If you go to see this production of A Midsummer Night’s Dream, I can recommend the standing tickets. Yes – your feet might ache a bit, but you come out feeling like you’ve been at a wild party you didn’t want to end.
I’m getting ahead of myself. Back to the beginning: I took my 19 year old son to see this. He’s studying for a degree in Computer Science, and had never seen a Shakespeare. There was an element of risk.
But he’s also a massive Game of Thrones fan, so his reaction to the sight of GoT’s statuesque Gwendoline Christie encased in a glass box as we walked into the pit was worth the ticket price alone.
It’s an inspired piece of casting. Christie makes an imposing Hippolyta, the captured queen of the Amazons, and a magical Titania, queen of the fairies.
It’s also fun seeing Brienne of Tarth dressed up like a nun.
The early scenes are deliberately drab and make the explosion of music and acrobatics as the action shifts to the forest all the more dramatic. The set is ever-changing, with characters and beds gliding in sideways, or rising from the floor and taking flight.
There are sublime performances throughout. Oliver Chris, as Theseus/Oberon, shares several hilarious scenes with Hammed Animashaun’s unforgettable Bottom – one of them in a bathtub. The audience roared.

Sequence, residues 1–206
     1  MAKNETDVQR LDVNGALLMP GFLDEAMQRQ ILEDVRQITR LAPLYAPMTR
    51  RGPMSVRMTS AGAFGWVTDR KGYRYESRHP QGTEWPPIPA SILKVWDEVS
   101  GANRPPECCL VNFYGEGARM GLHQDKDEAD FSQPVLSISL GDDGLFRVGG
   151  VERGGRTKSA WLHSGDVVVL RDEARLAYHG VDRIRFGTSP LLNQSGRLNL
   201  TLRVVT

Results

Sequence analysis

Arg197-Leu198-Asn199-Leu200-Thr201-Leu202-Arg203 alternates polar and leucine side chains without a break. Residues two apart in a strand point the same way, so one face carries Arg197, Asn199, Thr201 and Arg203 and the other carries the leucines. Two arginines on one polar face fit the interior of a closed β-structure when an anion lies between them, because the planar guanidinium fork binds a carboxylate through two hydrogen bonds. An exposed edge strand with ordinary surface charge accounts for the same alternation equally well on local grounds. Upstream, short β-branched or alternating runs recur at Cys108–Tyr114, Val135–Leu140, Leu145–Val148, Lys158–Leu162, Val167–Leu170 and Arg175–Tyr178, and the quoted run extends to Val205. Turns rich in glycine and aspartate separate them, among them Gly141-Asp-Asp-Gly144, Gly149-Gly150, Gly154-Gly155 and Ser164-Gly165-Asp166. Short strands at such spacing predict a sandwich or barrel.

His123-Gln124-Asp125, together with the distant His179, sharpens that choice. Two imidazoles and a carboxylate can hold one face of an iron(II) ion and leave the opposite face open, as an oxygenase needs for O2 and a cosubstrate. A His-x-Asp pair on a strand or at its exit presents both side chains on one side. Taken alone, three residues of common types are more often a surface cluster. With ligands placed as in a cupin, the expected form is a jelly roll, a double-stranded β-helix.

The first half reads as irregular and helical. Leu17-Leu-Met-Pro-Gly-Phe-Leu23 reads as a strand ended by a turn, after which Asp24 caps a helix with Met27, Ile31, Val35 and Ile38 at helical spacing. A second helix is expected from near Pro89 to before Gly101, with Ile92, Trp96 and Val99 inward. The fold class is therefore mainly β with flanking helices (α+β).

Not to be outdone, the “rude mechanicals” (they even have it written on their backs) squeeze plenty of laughs out of their Pyramus and Thisbe play-that-goes-wrong.
I also enjoyed the excellent chemistry – and sense of confusion – between the bewitched lovers in the forest: Isis Hainsworth (Hermia), Tessa Bonham Jones (Helena), Paul Adeyefa (Demetrius) and Kit Young (Lysander).
Director Nicholas Hytner takes delightful liberties with Shakespeare’s text, switching key characters, and making inventive use of the magic love juice.
Which brings me to David Moorst’s Puck. I saw Moorst in one of his earliest roles in Violence and Son at the Royal Court many moons ago. It was obvious then he was something special. Here he is simply extraordinary. It’s impossible to take your eyes off his twitchy, shape-shifting Puck.
There’s a genuine sense of joy in this production. I’ve never seen an audience laugh so much at a Shakespeare play. To say there’s a party atmosphere is something of an understatement.
My son is already planning to go again.
A Midsummer Night’s Dream is at the Bridge Theatre until 31 August